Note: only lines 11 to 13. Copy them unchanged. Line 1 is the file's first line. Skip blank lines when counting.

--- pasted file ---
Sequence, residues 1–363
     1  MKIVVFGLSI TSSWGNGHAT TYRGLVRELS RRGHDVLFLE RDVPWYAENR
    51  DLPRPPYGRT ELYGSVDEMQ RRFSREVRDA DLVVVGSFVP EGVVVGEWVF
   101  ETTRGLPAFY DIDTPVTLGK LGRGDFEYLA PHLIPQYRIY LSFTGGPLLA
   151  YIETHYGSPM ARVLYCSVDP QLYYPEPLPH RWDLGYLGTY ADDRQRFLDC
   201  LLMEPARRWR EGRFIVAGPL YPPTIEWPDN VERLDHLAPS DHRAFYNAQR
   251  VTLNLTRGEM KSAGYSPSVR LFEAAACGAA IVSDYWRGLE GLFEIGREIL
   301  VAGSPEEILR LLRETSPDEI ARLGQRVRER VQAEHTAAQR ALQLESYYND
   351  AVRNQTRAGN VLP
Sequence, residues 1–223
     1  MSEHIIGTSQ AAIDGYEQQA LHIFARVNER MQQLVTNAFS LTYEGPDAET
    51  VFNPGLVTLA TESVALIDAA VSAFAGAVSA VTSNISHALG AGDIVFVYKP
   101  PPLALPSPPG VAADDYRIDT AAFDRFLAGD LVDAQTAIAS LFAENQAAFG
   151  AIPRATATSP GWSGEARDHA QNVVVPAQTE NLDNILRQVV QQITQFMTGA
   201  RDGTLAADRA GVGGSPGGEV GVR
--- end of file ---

     1  MSEHIIGTSQ AAIDGYEQQA LHIFARVNER MQQLVTNAFS LTYEGPDAET
    51  VFNPGLVTLA TESVALIDAA VSAFAGAVSA VTSNISHALG AGDIVFVYKP
   101  PPLALPSPPG VAADDYRIDT AAFDRFLAGD LVDAQTAIAS LFAENQAAFG